Could you use the binomial distribution here?

1. Mar 8, 2013

trollcast

I'm looking through my statistics notes and on the page thats giving examples of cases where you can use a binomial distribution it gives the problem:

"The number of red counters in a randomly chosen sample of 30 counters taken from a large number of counters of which 10% are red."

Now my notes goes on to say that this can't be modelled by a binomial distribution but doesn't say how you could model it with any other distribution.

But given that very limited amount of data could you not obtain a reasonable estimate of the probabilities using the binomial distribution as the question states, "a large number" , could we not assume that removing the counter isn't going to change the probability very much?

2. Mar 8, 2013

MrAnchovy

Yes, the binomial distribtion is appropriate here. I think your notes should say that "if the number of counters is not large it cannot be modelled using the binomial distribtion"; in this case you would have to calculate the specific probabilities of 0, 1, 2... red counters when selecting 30 from N (without replacement - if there is replacement then the binomial distribution always applies).

3. Mar 8, 2013

trollcast

Thanks,

How would you define large enough? If the sample is 1% of the population or something?

4. Mar 8, 2013

MrAnchovy

Firstly, I should have pointed out that "calculating the specific probabilities of 0, 1, 2... red counters when selecting 30 from N without replacement" is in fact the Hypergeometric Distribution.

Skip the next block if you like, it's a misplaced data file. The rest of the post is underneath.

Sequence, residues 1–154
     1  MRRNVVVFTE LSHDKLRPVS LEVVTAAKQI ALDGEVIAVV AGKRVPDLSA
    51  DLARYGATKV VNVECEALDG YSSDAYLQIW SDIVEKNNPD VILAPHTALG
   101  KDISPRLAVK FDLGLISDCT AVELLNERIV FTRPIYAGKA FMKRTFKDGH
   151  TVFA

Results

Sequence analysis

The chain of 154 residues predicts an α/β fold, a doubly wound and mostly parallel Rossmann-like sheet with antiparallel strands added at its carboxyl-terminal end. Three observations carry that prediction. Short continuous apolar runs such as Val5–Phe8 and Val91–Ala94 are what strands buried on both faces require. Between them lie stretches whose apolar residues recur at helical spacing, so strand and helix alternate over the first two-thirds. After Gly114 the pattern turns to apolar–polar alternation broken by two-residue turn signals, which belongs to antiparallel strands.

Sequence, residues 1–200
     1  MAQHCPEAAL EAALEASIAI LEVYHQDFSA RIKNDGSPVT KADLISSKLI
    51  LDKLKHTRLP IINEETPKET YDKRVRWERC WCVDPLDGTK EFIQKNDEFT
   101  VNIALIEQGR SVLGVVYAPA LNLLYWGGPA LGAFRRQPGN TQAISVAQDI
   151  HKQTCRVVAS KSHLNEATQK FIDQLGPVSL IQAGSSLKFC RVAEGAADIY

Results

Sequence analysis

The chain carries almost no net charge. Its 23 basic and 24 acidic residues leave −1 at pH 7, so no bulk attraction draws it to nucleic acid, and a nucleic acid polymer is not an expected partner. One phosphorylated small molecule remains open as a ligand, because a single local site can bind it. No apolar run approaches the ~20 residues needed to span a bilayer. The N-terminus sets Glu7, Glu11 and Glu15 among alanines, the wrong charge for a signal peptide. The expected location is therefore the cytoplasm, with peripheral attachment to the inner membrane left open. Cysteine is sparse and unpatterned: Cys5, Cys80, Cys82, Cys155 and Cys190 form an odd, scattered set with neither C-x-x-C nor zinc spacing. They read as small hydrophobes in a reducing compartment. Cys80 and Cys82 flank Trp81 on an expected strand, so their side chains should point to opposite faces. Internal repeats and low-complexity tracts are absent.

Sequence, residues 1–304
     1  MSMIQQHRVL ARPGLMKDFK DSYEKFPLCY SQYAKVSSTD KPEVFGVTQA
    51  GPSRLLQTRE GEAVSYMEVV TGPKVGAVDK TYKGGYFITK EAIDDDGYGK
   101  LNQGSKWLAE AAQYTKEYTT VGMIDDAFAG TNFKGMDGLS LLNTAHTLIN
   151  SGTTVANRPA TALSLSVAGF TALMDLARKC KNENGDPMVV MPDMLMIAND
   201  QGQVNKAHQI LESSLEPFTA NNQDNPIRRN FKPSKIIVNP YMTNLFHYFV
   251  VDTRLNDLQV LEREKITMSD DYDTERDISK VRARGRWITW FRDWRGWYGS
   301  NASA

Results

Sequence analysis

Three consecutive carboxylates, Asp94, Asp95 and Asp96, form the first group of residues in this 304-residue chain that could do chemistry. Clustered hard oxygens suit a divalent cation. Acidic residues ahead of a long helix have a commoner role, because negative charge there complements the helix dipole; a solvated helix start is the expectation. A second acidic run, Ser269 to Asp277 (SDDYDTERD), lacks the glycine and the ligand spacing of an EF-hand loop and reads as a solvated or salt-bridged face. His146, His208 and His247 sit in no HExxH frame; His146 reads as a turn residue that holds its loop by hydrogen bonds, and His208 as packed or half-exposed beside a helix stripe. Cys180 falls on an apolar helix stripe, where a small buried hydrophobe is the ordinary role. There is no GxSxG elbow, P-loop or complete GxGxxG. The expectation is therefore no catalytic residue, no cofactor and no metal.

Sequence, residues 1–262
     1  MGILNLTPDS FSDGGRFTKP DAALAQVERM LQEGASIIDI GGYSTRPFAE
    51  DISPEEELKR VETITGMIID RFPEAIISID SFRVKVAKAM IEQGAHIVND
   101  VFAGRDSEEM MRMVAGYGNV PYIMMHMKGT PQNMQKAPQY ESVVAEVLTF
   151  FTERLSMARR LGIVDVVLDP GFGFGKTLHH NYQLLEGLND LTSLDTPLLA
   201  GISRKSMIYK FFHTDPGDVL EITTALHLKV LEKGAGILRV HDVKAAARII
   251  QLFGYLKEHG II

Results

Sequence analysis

"Large enough" depends on how accurate you want to be; for further investigation and limits on errors see statistical text books or google "binomial hypergeometric difference".

5. Mar 8, 2013

trollcast

Ok, I thought that if population was too small then it wouldn't work at all but I see now how its all to do with a small population making the error far too large to get a sensible value out of it.

6. Mar 8, 2013

"Large enough" depends on how accurate you want to be; for further investigation and limits on errors see statistical text books or google "binomial hypergeometric difference"."

Typically if the sample size is at most 5% of the population size the binomial distribution can be used.

7. Mar 8, 2013

MrAnchovy

Indeed. In this case the binomial distribution gives P(3) ≈ 0.24 whereas with N = 60, P(3) ≈ 0.33.

8. Mar 10, 2013

Redbelly98

Staff Emeritus
The population size must be large so that the 10% value is true for the entire collection of 30 counters -- the binomial distribution assumes the same probability (10% in this example) for all 30 counters to be picked.

If you sample without replacement from a small population, then removing a counter significantly affects the likelihood that the next counter chosen is red. But if you sample with replacement, then the 10% value remains fixed no matter the population size -- as MrAnchovy indicated, the binomial distribution would apply exactly, not just approximately.